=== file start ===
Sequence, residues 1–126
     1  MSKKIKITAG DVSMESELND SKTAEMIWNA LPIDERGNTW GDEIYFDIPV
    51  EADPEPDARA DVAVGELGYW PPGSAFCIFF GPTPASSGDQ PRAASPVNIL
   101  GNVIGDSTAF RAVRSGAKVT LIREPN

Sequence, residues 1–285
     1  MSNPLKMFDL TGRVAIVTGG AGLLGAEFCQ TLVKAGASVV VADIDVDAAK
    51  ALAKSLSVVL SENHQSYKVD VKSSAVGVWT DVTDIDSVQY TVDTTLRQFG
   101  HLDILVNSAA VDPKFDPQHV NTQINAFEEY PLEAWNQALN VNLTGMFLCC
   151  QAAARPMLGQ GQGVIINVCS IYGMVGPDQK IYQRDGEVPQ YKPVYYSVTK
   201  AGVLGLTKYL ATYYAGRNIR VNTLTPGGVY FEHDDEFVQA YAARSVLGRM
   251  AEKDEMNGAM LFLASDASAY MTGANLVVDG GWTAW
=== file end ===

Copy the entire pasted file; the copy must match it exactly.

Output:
Sequence, residues 1–126
     1  MSKKIKITAG DVSMESELND SKTAEMIWNA LPIDERGNTW GDEIYFDIPV
    51  EADPEPDARA DVAVGELGYW PPGSAFCIFF GPTPASSGDQ PRAASPVNIL
   101  GNVIGDSTAF RAVRSGAKVT LIREPN

Sequence, residues 1–285
     1  MSNPLKMFDL TGRVAIVTGG AGLLGAEFCQ TLVKAGASVV VADIDVDAAK
    51  ALAKSLSVVL SENHQSYKVD VKSSAVGVWT DVTDIDSVQY TVDTTLRQFG
   101  HLDILVNSAA VDPKFDPQHV NTQINAFEEY PLEAWNQALN VNLTGMFLCC
   151  QAAARPMLGQ GQGVIINVCS IYGMVGPDQK IYQRDGEVPQ YKPVYYSVTK
   201  AGVLGLTKYL ATYYAGRNIR VNTLTPGGVY FEHDDEFVQA YAARSVLGRM
   251  AEKDEMNGAM LFLASDASAY MTGANLVVDG GWTAW